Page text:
Explaining online measurement of oceanographic data
What it is? An online measurement is real-time telemetry (or transmission) of sensor data to either a secondary telemetry system (i.e. satellite or GSM modem) or directly to a PC for real-time or near real-time display or storage.
There are many benefits of getting online data. One is being able to use the data for real time processing or for display immediately after the data are collected. For example, processing of data collected in real time allows for weather forecasting, daily operations and public-safety applications. Another benefit of transferring the data from the sensor in online mode is that users will have a second copy of the data should something happen to the sensor during normal operation, such as ice damage or damage from a fisherman. There is great value in using such an online system because in most cases the data being collected are much more valuable than the instrument itself. In other words, you will not be leaving valuable uncollected data deep in the ocean.
The Nortek 400 kHz 2D Profiler.
How it works
A cable is connected to the Nortek sensor and the sensor is configured to transfer the collected data as the sensor operates. These data can be either raw unprocessed data or in some cases subsets or processed data packets. Subsets or processed data packets are ideal when the telemetry link has a lower data transfer rate – such as an underwater acoustic modem. The cable into the Nortek sensor can be either an Ethernet connection, an RS-232 or RS-422 cable connection, or in some cases an analog connection.
Keep these potential challenges in mind
It can be challenging to operate an online telemetry system. If subsea cables are used those cables can be subject to vandalism, wave damage, fish bites, marine growth and storm damage – as well as a host of other factors that can damage cables. When using long cables, it can also be a challenge to provide sufficient power for instruments to operate. Properly armored cables with service loops are recommended to avoid cable breakage, wave damage and other similar hazards. (A service loop is a section of cable intentionally left loose to aid in serviceability.) It can also be very beneficial to use pre-molded cables that have been pressure tested to ensure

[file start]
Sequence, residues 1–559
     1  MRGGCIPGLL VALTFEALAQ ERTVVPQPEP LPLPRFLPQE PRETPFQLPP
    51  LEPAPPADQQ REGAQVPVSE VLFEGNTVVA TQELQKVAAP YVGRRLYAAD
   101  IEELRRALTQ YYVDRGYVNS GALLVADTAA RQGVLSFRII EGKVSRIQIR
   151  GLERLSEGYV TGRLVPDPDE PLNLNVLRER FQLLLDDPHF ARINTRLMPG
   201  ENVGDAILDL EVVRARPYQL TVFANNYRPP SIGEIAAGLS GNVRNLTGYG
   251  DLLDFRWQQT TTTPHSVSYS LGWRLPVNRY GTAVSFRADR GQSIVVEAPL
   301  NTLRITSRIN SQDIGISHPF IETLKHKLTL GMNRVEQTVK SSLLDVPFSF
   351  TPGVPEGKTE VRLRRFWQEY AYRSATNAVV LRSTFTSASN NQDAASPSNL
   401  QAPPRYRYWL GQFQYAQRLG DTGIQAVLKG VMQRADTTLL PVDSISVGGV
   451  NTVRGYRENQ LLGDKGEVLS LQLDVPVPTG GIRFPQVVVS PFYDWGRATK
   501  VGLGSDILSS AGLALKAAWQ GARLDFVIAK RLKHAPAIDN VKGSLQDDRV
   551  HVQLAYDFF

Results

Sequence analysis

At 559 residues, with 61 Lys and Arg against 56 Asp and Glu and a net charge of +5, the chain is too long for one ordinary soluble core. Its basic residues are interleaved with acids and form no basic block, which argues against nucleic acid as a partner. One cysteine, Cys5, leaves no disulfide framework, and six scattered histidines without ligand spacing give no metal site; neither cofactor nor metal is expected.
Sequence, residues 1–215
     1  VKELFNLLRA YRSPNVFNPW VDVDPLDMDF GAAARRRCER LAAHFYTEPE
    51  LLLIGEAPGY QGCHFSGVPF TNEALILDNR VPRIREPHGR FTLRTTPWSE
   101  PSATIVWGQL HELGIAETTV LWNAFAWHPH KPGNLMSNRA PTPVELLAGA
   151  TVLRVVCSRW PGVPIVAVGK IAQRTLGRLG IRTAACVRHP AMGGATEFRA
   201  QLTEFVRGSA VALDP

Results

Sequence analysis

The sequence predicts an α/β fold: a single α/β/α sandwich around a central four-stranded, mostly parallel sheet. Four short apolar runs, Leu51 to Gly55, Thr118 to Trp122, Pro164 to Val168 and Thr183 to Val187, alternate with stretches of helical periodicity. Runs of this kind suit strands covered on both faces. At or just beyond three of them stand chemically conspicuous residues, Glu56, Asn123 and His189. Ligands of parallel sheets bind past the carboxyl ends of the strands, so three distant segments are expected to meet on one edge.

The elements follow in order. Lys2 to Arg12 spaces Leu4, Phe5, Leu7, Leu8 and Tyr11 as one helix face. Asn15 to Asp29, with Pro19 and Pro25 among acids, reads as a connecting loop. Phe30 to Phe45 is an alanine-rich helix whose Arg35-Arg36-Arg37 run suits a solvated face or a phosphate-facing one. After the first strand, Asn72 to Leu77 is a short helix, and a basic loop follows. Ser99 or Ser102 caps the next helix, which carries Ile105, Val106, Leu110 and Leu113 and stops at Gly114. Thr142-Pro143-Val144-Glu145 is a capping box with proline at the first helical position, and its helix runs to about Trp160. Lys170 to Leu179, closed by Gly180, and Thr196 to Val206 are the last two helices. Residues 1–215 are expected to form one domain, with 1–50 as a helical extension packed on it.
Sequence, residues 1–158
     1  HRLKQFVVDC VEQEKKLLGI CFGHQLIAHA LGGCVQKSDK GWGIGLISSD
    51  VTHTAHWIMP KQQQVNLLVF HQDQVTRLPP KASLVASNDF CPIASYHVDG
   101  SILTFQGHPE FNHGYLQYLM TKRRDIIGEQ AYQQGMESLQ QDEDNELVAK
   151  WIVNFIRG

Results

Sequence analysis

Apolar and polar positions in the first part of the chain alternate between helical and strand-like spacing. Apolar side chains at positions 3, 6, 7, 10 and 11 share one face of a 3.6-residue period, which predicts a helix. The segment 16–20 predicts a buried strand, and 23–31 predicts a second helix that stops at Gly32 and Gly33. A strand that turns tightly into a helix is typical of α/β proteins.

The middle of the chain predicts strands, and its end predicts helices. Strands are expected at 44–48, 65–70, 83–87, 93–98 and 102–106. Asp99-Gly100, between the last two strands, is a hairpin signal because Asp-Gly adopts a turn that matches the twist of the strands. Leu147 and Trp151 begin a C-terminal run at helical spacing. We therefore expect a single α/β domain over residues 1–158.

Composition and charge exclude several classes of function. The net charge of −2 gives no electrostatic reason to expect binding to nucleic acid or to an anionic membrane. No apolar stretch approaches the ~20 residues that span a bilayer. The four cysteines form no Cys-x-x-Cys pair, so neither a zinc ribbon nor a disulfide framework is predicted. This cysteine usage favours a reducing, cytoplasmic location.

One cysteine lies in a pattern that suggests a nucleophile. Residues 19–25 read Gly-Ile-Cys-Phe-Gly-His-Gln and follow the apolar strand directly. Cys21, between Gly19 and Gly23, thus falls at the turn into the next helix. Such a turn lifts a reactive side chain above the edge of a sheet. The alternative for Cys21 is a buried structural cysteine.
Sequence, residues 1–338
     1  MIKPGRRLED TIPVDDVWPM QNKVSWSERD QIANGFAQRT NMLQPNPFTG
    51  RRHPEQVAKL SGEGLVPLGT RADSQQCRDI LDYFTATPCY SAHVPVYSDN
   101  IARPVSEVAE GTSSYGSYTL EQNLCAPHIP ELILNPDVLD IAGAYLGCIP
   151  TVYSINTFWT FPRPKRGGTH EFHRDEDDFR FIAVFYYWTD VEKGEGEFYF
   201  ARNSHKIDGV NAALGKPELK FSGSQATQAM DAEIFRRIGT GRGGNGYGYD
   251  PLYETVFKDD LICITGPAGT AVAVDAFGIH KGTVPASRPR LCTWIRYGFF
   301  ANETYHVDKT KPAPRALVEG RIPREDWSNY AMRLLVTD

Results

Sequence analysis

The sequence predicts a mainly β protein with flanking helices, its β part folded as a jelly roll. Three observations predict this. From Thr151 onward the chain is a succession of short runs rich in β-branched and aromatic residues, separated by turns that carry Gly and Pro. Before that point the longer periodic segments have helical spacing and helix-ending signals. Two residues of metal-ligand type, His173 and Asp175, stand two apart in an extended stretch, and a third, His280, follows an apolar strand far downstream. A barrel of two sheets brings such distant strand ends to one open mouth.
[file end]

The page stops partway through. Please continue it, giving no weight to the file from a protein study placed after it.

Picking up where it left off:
that water does not enter the online system via connectors or an underwater connection between two cables. Seek assistance from a qualified electrical engineer to solve issues related to power requirements, cable types and telemetry protocol. This is often overlooked! In some cases, telemetry protocols can also create a challenge when the selected protocol does not support the cable length, or when it picks up electrical noise when long cables are used. This electrical noise can come from nearby AC power lines, wireless transmitters or other sources of electrical noise.
Make sure to test before deployment
After selection of a proper power supply, telemetry protocol, and cable specification it is highly recommended to fully test all equipment as it would be used when fully deployed.
Testing it for a period of days, not only briefly, is preferable. While the sensor may not be collecting useful data during this testing, configuration issues may become evident and can be resolved before the system is deployed. Troubleshooting and modifications when the system is deployed can turn out to be very difficult and expensive. Issues such as instruments not being set to the correct protocol, improper cable wiring, cable damage or other issues are much easier to fix when in a laboratory environment.
How Nortek online measurement technology meets end user needs
Although online systems can have some challenges to overcome, Nortek offers a number of solutions to help solve these challenges.
Nortek offers reliable and well-engineered cabled online systems that can operate from 10 meters up to several kilometers. With power regulation, protocol management and cable designs all pre-engineered and offered as standard products, these solutions can make a difficult design process very easy.
The 400 kHz 2D Profiler was mounted on a semi-submerged dock piling (the dock’s “leg”) and connected to the port operators via an online cable.